It also becomes important to let your dentist know about the regular pregnancy related medications you are consuming every day. This includes the vitamins and other supplements, which are available over-the-counter. This way your dentist can decide about the best dental medication to give you when needed.
Is a dental x-ray safe for pregnant women?
X-rays necessary for many dental procedures should all be postponed after childbirth, even though it is thought that dental x-rays while pregnant are totally safe for the developing embryo and fetus. However, in case you need an x-ray immediately, your dentist will use a lead apron to cover your stomach and keep you safe from low intensity radiations.
Excess plaque buildup in the mouth can often lead to something called pregnancy tumors among pregnant women. These tumors are not cancerous, but they can be seen as growths on the gums and between the teeth during second trimester of pregnancy. These tumors can bleed easily while you brush your teeth and are usually red in color. They usually disappear once the baby is born. If they bother you or cause pain in any way, it is always good to talk to your dentist.
Don’t skip any regular dental checkup just because you are pregnant. Now more than ever, you need to take good care of your oral health. Due to hormonal changes, there is an increased risk for bleeding of the gums, gingivitis, periodontal disease, etc. Pay good attention to any sign and symptom that may become noticeable while you are pregnant. If any tenderness, bleeding, or swelling of the gums occur while pregnant, talk to your dentist and get a dental checkup as soon as possible.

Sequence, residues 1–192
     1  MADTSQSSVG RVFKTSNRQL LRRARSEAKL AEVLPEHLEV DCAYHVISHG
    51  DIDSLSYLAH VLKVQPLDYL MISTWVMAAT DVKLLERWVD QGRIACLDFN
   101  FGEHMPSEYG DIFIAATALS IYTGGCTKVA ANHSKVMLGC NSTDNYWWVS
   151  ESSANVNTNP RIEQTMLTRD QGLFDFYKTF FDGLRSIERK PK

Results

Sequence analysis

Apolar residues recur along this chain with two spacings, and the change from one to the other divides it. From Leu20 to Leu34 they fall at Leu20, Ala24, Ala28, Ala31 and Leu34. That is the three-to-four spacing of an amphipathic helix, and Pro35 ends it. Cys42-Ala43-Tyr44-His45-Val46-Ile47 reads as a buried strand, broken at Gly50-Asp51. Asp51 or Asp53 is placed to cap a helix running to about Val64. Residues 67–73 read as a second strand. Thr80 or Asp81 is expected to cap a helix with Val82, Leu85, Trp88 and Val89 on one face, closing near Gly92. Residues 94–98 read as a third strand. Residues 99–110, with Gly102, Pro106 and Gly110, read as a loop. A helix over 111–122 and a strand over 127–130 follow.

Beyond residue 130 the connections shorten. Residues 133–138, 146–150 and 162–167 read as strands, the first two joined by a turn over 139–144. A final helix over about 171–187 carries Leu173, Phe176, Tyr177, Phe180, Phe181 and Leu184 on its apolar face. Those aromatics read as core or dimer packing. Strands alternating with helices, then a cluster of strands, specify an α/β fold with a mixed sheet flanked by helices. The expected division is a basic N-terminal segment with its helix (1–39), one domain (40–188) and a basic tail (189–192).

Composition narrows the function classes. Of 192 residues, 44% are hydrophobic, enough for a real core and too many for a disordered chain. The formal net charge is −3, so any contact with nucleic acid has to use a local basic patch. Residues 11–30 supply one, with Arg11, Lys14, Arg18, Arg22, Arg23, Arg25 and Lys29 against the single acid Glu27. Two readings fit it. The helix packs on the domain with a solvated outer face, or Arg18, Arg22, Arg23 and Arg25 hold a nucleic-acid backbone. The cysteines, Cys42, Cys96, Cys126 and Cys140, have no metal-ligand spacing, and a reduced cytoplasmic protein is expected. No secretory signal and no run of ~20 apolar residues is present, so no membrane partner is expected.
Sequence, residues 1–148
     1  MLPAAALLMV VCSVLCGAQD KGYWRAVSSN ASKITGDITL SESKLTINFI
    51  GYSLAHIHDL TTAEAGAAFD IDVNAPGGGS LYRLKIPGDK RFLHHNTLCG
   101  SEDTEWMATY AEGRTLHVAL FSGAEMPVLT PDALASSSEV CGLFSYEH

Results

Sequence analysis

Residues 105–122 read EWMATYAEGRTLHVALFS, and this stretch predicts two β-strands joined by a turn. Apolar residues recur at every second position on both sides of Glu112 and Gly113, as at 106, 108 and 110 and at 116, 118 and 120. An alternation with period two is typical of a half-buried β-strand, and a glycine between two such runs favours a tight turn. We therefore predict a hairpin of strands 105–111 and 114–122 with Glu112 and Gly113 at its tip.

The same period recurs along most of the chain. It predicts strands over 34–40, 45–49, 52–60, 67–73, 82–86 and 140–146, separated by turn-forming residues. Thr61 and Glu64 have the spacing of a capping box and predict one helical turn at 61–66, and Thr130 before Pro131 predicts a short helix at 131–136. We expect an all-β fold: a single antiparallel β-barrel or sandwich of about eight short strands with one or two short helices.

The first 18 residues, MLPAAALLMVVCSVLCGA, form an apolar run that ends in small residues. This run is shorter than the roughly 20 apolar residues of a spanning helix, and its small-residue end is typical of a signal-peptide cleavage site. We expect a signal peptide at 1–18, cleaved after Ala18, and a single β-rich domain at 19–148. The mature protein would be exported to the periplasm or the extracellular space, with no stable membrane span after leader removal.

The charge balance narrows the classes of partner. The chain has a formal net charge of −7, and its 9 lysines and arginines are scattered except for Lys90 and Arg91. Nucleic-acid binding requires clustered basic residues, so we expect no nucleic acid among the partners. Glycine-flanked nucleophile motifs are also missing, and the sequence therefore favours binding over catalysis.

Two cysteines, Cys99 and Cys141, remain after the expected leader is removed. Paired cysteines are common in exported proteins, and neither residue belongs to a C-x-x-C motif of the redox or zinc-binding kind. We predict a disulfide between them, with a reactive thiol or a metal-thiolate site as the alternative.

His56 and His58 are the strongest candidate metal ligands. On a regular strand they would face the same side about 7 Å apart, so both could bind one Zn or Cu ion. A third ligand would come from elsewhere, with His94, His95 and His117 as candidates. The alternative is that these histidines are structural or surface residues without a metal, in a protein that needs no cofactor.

Good oral hygiene will prevent or reduce any problem regarding oral health. Therefore, visit a dentist for a routine checkup, and learn about the best brushes and toothpastes to clean the teeth. Ask for which brand toothpaste you could use if your regular toothpaste accelerates your morning sickness. Rinsing your mouth frequently with water removes waste stuck in your teeth, reduces the urge to vomit, and also maintains dental hygiene during pregnancy. Flossing your teeth regularly can help you avoid formation of plaque.
Cravings for sugary and fried food, especially sweets, is common during pregnancy. However, eating too many sweets can cause tooth decay at a higher rate during pregnancy. Therefore, try to avoid sugar and adopt a healthy and balanced diet, which includes vegetables with fiber for good digestion and yogurt, which contains essential minerals, which are good for you and the baby. Healthy eating habits can also help curb gum infections.
Also, when visiting a dentist, you can opt to take a pillow for backrest, and sit on the dental chair with your legs uncrossed to help in blood circulation. Also, listening to some soothing music before your dental procedure can calm you and your baby.
- Dental work during pregnancy is mostly performed during the second trimester of pregnancy.
- Dental work during pregnancy is considered as safe.
- Unnecessary dental work should be postponed until after childbirth.